I want to support my husband more. I don't want to be the one always taking from our marriage and not giving as much back, but for now I'm stuck taking. I'm stuck needing extra care and allowances while I strive to control these disorders. Until then, I will take my messy victories like the recovery we fought for today.


The second list made me think of the Dallas shootings and although I struggle to express my opinions on controversial issues (self esteem issues make me feel like my thoughts and feelings aren't refined enough or justified) I felt inspired to free write a little bit about this and get some of my thoughts out. So here's my second writing:

I wonder what was going through his mind while he reached for yet another clip to reload his rifle. That brief pause in his attack giving an opportunity to hear the terrified screams, see the chaotic scene beneath him instead of only the narrow field of vision provided through his scope.

Did previous shootings and terrorist attacks around the world make him sad or afraid, or did they only generate blind rage? Could they have inspired a genuine desire for violence in him? It seems so unfathomable and yet I know just a little of what it's like to lose your tie to humanity, to feel ambivalent about human life. Perhaps he suffers from depression too, or some other vicious disorder. Somehow it feels better to blame the atrocity on a broken brain rather than believe that some people can simply be that cruel.

I imagine the protest before his ambush as a successful blending of police and public. Those police and protestors went there that day aware of their goal to serve their fellow man, their intention to try and improve the lives of everyone. I envision strangers exchanging shy greetings, sharing fleeting eye contact as they proceed down the street with a variety of handmade signs. Friends and family and strangers and coworkers blending together. Feelings of fear, sadness, anger, love, hope, and frustration simmering in the crowd, shared by all sides. Tense but safely orchestrated by mutual standards of conduct.

Then those shots rang out and all potential divisions disappeared. The whole situation doesn't make much sense to me but it makes lots of feelings. I wonder what the future holds, how many more will die before we find a solution to his terrible problem? Through the pain and confusion I seem to consistently find myself arriving at the conclusion that one thing I know I can do to help is to simply be nice. Try to spread kindness in my daily life and catch judgments in my mind and interact with my neighbors and stop isolating and feeding stereotypes and just waiting for a crisis to hit my town.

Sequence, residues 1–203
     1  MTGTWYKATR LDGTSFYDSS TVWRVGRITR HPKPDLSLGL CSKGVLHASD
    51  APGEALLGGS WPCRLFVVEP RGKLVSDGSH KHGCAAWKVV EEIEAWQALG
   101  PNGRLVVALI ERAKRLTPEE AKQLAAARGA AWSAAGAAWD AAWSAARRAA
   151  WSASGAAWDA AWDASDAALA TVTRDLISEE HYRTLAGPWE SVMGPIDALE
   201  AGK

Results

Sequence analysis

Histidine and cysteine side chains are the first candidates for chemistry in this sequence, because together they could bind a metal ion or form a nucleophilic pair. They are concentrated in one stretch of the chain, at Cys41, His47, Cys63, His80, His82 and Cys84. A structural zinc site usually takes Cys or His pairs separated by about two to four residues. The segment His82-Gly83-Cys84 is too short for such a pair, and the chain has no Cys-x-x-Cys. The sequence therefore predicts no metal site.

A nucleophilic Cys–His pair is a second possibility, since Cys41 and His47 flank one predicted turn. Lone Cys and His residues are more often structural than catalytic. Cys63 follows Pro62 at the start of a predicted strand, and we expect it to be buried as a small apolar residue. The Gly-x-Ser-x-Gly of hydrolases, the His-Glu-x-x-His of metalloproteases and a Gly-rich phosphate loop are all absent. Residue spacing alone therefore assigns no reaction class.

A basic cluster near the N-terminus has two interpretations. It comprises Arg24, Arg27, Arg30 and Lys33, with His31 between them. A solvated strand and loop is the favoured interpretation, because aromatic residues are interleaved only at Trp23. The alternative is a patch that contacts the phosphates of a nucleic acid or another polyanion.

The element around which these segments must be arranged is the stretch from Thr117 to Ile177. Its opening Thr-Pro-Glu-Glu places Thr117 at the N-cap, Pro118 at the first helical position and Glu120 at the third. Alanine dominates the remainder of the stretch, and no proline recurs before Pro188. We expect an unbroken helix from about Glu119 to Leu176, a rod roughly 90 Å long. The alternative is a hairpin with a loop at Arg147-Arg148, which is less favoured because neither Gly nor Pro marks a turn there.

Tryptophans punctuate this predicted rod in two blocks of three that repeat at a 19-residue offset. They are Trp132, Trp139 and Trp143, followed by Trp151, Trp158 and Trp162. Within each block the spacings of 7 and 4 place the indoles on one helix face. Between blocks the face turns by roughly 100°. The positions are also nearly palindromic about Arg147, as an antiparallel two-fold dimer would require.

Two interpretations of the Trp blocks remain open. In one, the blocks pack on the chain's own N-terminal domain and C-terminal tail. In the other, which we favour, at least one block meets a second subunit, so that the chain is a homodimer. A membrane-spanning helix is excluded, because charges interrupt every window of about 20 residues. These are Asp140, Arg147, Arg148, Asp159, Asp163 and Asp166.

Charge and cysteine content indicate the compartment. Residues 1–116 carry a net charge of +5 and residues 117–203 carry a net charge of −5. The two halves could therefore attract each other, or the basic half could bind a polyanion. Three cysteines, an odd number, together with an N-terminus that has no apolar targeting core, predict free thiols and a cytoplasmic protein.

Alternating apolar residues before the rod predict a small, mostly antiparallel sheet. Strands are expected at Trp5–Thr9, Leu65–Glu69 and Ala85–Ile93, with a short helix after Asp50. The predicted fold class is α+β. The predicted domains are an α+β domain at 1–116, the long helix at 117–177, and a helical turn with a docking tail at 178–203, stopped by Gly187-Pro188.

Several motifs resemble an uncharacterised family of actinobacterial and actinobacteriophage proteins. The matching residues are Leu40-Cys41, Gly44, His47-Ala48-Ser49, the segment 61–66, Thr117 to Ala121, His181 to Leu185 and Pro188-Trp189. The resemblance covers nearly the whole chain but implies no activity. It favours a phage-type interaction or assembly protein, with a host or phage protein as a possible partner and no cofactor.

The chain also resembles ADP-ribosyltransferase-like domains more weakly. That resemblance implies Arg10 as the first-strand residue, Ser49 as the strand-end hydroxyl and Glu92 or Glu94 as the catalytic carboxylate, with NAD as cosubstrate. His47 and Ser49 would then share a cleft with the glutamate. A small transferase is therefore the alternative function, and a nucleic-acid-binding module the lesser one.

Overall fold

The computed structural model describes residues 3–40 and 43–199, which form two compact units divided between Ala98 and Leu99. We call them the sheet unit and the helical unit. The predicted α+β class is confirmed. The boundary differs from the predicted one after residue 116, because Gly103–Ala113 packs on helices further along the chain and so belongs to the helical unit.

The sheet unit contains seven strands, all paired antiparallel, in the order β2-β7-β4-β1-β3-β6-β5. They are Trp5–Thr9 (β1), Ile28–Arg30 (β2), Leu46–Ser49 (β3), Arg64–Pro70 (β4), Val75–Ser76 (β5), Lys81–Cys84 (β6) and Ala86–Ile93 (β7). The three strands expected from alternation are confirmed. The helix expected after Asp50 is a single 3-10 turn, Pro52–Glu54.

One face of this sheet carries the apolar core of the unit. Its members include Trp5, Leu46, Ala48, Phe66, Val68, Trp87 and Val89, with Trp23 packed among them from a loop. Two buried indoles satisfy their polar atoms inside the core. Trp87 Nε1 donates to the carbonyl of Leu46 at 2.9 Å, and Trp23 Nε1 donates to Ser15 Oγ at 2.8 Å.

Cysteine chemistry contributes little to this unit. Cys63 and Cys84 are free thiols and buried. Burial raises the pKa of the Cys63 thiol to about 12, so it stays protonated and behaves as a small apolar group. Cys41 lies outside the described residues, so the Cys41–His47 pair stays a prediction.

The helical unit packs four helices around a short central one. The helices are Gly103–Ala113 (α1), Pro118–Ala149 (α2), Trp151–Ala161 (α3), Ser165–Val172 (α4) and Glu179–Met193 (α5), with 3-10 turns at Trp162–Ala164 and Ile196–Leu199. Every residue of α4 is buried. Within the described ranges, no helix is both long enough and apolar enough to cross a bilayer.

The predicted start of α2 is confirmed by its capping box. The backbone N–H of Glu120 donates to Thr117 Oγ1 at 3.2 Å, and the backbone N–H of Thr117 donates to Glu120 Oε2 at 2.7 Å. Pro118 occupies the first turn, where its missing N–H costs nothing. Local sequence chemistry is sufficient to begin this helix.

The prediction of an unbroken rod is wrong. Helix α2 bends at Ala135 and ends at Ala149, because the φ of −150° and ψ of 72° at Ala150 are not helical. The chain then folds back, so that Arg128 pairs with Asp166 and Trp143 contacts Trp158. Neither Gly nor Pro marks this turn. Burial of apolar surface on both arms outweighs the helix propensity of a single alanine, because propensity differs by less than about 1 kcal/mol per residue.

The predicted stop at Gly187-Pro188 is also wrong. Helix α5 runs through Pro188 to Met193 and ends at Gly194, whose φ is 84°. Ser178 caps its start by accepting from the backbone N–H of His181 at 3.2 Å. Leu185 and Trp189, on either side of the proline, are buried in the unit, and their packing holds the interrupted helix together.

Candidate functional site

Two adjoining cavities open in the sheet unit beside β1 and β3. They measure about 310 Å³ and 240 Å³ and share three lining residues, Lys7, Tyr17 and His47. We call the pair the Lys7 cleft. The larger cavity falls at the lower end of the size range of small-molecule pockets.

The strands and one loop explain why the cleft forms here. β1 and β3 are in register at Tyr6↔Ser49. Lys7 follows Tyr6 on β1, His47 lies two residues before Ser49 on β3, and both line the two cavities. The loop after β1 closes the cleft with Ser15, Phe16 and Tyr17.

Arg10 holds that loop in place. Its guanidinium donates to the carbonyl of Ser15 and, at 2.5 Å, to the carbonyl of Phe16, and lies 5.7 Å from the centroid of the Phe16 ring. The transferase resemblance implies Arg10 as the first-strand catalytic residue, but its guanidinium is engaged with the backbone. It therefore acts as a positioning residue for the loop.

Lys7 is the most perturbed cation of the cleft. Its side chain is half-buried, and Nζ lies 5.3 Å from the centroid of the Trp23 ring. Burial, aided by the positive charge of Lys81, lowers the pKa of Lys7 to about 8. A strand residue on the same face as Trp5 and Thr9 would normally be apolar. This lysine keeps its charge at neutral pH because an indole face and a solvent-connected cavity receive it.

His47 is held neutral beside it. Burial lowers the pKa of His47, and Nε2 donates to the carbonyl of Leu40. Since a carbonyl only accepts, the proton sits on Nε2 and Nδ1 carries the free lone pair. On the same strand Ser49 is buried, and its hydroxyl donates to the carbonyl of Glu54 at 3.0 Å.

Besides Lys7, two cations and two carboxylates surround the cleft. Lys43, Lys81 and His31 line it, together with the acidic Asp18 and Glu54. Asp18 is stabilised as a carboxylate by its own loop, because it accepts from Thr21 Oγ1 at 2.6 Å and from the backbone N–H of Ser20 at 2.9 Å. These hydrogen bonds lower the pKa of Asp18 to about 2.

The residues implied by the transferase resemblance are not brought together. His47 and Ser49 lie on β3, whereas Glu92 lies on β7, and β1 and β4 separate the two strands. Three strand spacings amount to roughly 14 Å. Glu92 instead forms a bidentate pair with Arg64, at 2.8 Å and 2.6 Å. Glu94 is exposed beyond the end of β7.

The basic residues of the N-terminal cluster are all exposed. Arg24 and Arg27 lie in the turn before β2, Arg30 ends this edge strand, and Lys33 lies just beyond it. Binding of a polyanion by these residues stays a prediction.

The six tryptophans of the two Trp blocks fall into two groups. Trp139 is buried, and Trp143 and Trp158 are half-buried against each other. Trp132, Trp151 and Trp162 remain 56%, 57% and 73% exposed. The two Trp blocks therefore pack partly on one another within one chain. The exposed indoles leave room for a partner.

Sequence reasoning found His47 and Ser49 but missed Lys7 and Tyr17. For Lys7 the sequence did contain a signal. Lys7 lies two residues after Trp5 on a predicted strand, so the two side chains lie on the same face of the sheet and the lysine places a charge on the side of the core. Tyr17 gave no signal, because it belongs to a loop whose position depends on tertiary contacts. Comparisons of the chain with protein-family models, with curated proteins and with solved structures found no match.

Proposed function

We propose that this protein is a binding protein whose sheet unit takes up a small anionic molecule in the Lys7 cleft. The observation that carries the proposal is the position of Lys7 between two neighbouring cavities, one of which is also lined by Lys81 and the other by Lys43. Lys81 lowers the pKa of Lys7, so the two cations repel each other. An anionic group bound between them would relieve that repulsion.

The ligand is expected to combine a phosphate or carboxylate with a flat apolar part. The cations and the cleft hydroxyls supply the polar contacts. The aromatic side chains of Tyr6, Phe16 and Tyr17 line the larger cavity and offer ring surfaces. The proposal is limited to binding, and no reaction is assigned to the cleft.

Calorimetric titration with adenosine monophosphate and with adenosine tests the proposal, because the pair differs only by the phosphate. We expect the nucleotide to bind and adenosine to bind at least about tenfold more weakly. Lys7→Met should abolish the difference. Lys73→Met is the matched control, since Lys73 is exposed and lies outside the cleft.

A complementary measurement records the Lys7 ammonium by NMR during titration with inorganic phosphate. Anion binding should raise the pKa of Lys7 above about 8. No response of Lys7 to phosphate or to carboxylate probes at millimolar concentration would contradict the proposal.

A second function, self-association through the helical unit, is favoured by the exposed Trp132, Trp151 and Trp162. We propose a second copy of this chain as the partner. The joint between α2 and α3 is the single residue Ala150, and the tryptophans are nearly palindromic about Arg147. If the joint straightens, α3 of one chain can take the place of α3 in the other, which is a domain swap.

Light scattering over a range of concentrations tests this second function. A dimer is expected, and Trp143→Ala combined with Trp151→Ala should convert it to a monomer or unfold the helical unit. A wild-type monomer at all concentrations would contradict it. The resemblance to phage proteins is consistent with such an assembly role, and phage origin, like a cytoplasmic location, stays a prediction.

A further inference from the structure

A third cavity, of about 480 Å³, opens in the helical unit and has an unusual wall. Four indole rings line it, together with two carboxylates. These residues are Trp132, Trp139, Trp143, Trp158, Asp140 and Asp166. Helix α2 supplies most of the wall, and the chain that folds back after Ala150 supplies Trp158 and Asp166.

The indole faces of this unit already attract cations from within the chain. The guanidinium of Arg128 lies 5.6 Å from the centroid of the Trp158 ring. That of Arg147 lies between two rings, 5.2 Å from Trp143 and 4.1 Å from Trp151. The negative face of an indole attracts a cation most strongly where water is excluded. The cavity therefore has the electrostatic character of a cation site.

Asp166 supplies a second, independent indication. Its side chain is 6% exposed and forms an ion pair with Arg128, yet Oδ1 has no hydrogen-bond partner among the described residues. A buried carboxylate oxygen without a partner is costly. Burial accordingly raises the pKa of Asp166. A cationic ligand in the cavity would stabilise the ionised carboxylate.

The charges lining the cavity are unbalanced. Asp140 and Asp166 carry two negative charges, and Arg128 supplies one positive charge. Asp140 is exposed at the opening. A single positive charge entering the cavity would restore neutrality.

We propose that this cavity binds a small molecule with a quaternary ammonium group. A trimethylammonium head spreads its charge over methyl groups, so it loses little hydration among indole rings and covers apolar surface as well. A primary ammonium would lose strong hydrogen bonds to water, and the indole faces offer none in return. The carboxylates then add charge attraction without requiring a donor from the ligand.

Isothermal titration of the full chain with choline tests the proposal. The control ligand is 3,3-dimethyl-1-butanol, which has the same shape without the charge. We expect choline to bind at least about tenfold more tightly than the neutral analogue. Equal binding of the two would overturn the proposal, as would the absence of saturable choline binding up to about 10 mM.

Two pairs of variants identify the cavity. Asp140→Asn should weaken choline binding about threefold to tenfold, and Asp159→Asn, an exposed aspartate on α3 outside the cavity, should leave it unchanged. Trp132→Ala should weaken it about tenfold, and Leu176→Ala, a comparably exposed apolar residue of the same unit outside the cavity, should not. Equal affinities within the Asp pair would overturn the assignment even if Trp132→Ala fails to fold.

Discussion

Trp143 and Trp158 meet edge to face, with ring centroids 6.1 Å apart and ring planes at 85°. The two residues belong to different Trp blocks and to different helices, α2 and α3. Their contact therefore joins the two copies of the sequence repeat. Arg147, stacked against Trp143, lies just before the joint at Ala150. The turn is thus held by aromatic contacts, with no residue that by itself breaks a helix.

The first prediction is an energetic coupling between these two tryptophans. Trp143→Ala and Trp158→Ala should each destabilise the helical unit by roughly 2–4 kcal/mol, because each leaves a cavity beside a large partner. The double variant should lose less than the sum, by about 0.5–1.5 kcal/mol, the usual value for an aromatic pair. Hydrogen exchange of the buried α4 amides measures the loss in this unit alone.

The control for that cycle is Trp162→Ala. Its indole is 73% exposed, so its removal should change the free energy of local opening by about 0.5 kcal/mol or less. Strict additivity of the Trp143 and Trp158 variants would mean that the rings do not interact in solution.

This all happened because a violent person wanted to emphasize a separation between people and yet, for me, it has emphasized that we are more the same than different, more together than apart. Where we are headed, I'm not sure, but I know that we're going there together and that we're going to get through this and figure out a better way to be here together.

Thanks for reading, I know it was a lot this week!

Update: My mood is good so far today and I'm planning on staying busy and cheering myself on. I can only proceed with the best intentions and hope for the best :o) I've been afraid of backsliding and anxiety and depression but I think I'm actually doing a decent job coping, just have to deal with those fears a little better and not frighten myself into another episode!

Anyways, back to it!


  1. Loving your use of both sets of words. Sometimes words feel like an anchor. A reminder that we are indeed more alike than different.
    Which I wish more of us remembered. Which I wish was more commonly taught.

    1. Thanks and hugs right back! :o)

  2. Hannah, you have an amazing talent for these things! I have to say that I am very good at word games like Scrabble and Wheel of Fortune, as my spelling is quite good but I just don't have the talent for these. I always enjoy seeing your posts and I admire and appreciate your talent for this type of game! :)

    1. Thanks for sharing this Linda, it really encourages me to keep at it! I also love Scrabble and Upwords and word puzzles :o)

  3. Strong use of the words. Good job.

    1. Thanks Susan. It's always interesting balancing my inspiration with the challenge to plug in the words and make them work together-sometimes it takes a little forcing into place but I always strive to get them all in there! Love how the challenge lends a little direction to my free writing, very glad I came across this chain :o)

  4. You are such a gifted writer, Hannah. And you are so in touch with your feelings, with who you are.

    1. Thank you Martha. I certainly give it my best effort on all those counts!

  5. You are amazing, Hannah! Hugs!


Thank you for reading and commenting!

Be well, HBF